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Tribal advocates keep up legal pressure for fair political maps; 12-member jury sworn in for Trump's historic criminal trial; the importance of healthcare decision planning; and a debt dilemma: poll shows how many people wrestle with college costs.

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Civil rights activists say a court ruling could end the right to protest in three southern states, a federal judge lets January 6th lawsuits proceed against former President Trump, and police arrest dozens at a Columbia University Gaza protest.

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Rural Wyoming needs more vocational teachers to sustain its workforce pipeline, Ohio environmental advocates fear harm from a proposal to open 40-thousand forest acres to fracking and rural communities build bike trail systems to promote nature, boost the economy.

CT immigrant advocates send letter opposing House border bill

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Thursday, December 7, 2023   

More than 60 Connecticut immigrant advocate groups sent a letter to Sen. Chris Murphy, D-Conn., to safeguard asylum rights.

Murphy is the lead negotiator for the supplemental funding request for Ukraine, Israel and Taiwan. Congressional Republicans asked for border protection funding to accompany the foreign aid package, which Democrats have agreed to. However, the final version of the bill would have severe consequences for asylum seekers.

Constanza Segovia, organizer for the group Hartford Deportation Defense, said the right to declare asylum should not be negotiable.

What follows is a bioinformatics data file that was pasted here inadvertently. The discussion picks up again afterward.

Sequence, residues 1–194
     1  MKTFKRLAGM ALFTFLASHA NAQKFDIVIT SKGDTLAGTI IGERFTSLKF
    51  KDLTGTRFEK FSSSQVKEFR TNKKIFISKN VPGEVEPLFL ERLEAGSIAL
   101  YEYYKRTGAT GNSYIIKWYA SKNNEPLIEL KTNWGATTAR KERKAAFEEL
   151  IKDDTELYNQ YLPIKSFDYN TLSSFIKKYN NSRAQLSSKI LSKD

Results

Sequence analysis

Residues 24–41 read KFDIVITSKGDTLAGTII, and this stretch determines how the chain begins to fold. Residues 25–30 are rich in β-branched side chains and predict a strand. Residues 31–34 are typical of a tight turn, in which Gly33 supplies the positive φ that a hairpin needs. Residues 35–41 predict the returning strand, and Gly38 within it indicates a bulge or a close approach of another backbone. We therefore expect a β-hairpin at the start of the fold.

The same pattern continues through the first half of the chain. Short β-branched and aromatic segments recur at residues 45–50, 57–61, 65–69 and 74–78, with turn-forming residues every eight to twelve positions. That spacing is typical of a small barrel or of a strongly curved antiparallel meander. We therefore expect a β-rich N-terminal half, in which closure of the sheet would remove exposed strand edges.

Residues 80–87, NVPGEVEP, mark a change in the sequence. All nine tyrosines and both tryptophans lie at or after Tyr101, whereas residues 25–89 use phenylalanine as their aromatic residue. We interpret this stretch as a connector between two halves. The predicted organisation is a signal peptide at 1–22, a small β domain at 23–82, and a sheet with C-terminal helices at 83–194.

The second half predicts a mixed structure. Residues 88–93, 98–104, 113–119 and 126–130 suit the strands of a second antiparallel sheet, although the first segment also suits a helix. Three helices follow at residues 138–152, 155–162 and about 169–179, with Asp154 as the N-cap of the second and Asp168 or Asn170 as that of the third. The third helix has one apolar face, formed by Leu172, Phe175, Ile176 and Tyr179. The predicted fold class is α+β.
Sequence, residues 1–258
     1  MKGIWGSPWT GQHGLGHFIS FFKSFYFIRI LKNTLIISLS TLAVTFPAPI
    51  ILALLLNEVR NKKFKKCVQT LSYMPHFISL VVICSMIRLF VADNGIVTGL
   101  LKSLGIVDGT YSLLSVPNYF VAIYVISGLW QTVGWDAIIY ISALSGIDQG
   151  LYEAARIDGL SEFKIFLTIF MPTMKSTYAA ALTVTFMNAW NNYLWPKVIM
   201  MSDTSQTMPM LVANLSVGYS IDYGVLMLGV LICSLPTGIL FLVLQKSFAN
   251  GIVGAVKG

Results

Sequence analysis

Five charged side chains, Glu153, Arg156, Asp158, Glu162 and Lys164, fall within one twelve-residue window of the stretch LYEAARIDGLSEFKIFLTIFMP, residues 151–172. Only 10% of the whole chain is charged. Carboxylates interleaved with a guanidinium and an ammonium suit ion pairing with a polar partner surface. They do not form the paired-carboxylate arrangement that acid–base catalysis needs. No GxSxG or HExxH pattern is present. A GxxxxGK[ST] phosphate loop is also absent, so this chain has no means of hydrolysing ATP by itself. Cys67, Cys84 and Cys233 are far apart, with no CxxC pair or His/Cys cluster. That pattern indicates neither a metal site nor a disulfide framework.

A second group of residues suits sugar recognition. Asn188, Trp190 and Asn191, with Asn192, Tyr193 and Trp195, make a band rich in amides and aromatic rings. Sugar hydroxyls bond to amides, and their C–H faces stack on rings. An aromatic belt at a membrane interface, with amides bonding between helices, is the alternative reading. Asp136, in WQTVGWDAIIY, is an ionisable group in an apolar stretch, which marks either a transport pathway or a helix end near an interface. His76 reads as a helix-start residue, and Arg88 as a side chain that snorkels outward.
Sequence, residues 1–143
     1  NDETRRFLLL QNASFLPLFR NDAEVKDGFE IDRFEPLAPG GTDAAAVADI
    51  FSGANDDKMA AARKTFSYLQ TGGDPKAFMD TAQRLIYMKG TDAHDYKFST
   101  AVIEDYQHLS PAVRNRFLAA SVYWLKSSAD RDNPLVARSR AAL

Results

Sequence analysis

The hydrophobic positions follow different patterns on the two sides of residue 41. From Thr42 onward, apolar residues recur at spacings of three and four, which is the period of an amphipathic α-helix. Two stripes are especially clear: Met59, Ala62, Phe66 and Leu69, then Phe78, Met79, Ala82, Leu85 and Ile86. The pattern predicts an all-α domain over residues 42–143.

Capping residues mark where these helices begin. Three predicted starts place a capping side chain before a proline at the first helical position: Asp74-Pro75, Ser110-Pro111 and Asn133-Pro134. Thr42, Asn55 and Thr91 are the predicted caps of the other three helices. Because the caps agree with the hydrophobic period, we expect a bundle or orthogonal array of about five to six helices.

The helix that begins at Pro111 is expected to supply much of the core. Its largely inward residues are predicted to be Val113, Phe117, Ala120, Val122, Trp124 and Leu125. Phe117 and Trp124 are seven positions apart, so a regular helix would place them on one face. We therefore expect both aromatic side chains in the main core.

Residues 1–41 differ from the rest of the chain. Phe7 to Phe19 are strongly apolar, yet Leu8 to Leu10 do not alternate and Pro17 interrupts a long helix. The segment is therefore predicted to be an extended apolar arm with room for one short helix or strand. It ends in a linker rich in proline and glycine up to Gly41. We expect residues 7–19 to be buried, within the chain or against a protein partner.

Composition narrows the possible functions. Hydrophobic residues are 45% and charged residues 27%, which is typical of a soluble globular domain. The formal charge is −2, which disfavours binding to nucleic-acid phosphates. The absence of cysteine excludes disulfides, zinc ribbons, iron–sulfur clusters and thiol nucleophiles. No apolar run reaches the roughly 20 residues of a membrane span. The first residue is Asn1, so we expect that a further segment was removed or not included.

"They would be backtracking on decades of work and protections that really are non-controversial in terms of anyone concerned with human rights and the human right to seek refuge," Segovia asserted.

Segovia and other Connecticut groups are offering other suggestions for border security, such as increasing funding for asylum processing, reducing work permit waiting times and providing better resources for municipal and state governments to provide better services. Senate Republicans blocked the funding package in an initial procedural vote, to express their intent on passing the border bill as it is.

Connecticut and other states have found the number of migrants arriving is too much to handle. Although they have called on the federal government for funding assistance, their cries have fallen on deaf ears.

Segovia noted there is a disconnect between the number of people seeking asylum in the U.S., and those to whom it is granted.

"I've talked to people who are experiencing serious violence and still are not able to have a successful asylum case," Segovia pointed out. "To me what that means is the law could be less restrictive to include some other forms of violence."

Syracuse University's Transactional Records Access Clearinghouse reported in the past 20 years, asylum grants are only around 46% of all grants of relief the court awarded.


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